The Barcelo Maya Beach Resort is an all-inclusive resort complex comprising a natural park and five hotels: Barcelo Maya Beach, Barcelo Maya Caribe Beach, Barcelo Maya Colonial Beach, Barcelo Maya Tropical Beach and Barcelo Maya Palace Deluxe. With all hotels in the resort built or refurbished in 2005 or later, the complex includes 2,741 guest rooms, over 55,000 square feet of meeting and event space, 43 restaurants and bars, three theaters, a chapel and a 24-hour medical center. Also on-site is the Barcelo Maya Convention Center, which has space for up to 1,400 guests. Amenities include A/V equipment and services, catering, administrative support and more.
The AAA Five-Diamond Fairmont Mayakoba is a member of the World Heritage Alliance for Sustainable Tourism (WHA), an organization that promotes conservation, sustainable tourism, and economic development for communities located in and around UNESCO World Heritage sites. Through the resort’s “green partnership,” planners can incorporate sustainable menus, recycling initiatives, ecotourism options and more into their programs. In addition to the resort’s 401 rooms, which are located throughout the property in two-story casitas (some with oceanfront views) and traditional low-rise buildings, there is 40,000 square feet of indoor/outdoor meeting space. Other amenities include several Mexican and international restaurants, a 20-room spa, an 18-hole Greg Norman-designed golf course, five swimming pools, and private beach access with views of Cancun and Cozumel. Groups staying at the resort also have access to an on-site DMC, resort-based transportation such as golf carts and lanchas (boats), BMW bicycles and a fleet of luxury automobiles.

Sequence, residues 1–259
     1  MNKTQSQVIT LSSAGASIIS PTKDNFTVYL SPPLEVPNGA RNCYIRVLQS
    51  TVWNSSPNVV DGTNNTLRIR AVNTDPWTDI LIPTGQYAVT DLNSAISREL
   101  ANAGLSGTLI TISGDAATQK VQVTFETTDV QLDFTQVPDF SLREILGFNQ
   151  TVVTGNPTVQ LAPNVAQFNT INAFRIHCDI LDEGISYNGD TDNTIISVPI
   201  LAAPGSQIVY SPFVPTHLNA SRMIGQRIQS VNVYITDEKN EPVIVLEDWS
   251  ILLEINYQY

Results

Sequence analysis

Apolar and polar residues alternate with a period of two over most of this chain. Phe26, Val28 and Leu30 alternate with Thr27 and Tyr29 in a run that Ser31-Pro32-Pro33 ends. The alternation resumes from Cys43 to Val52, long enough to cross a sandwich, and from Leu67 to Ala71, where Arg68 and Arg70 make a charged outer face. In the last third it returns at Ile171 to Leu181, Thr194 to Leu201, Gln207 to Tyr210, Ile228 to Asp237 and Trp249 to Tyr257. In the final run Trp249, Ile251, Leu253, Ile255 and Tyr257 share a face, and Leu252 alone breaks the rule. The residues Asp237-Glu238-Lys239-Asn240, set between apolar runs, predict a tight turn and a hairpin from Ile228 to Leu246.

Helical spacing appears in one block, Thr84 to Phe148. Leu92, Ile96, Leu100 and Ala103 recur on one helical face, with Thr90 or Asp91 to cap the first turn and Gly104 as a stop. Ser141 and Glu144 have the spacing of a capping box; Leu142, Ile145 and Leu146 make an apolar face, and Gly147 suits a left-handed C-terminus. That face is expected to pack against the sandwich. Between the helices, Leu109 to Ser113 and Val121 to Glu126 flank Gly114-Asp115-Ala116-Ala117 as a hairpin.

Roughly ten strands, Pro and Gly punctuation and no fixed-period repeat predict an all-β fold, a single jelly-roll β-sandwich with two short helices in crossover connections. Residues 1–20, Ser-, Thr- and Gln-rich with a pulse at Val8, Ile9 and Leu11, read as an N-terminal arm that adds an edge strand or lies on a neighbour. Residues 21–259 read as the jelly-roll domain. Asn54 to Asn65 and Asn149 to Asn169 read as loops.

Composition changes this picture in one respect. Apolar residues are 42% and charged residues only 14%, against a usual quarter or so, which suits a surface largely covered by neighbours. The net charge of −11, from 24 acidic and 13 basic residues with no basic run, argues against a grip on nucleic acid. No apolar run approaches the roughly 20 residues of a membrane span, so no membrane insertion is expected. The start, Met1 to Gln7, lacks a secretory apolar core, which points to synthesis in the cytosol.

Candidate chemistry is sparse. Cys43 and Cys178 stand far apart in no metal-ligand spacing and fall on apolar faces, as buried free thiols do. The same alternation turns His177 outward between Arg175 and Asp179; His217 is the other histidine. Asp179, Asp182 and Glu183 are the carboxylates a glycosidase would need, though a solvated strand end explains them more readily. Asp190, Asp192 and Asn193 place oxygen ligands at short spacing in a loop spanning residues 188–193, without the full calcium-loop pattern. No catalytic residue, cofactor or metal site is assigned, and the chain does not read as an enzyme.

In the heart of downtown Playa Del Carmen, Fifth Avenue is a bustling, red brick-paved pedestrian street packed with several stores, including the high-end department store Liverpool, souvenir shops, street vendors and open air restaurants. It makes for a fun day trip, but the street really comes alive at night. Mexico is considered the birthplace of real chocolate, so it only makes sense to incorporate it into your event. Ah Cacao Real Chocolate is a café that specializes in artisan-made premium cacao and chocolate products. The TripAdvisor Popularity Index ranked it as the second-most popular (out of 286) restaurant in the Riviera Maya.
Ajua Maya Restaurant is a favorite among locals and tourists alike. With its live Latin jazz, bohemian gardens and palapa dining, this five-star restaurant specializes in seafood, steak, authentic Mayan and Mexican cuisine and 19th century French-influenced Mestizo fare served by dancing waiters.
Go on a tour led by a native guide. Your group will likely learn more about the Mayan culture during a two-hour tour than they will their entire stay. Riviera Maya has many nature theme parks that make for informative and exciting day trips. Ask your DMC for suggestions, or visit websites such as travelyucatan.com or locogringo.com.